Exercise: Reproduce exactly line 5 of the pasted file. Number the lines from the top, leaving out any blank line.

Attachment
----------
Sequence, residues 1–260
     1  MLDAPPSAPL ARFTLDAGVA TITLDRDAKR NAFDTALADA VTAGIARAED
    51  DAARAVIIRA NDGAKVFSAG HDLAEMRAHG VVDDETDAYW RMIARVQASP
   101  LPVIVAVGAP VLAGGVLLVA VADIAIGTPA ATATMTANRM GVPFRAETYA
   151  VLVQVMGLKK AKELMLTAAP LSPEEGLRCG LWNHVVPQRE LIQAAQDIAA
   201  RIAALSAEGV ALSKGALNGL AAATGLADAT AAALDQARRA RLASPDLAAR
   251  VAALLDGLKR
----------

   151  VLVQVMGLKK AKELMLTAAP LSPEEGLRCG LWNHVVPQRE LIQAAQDIAA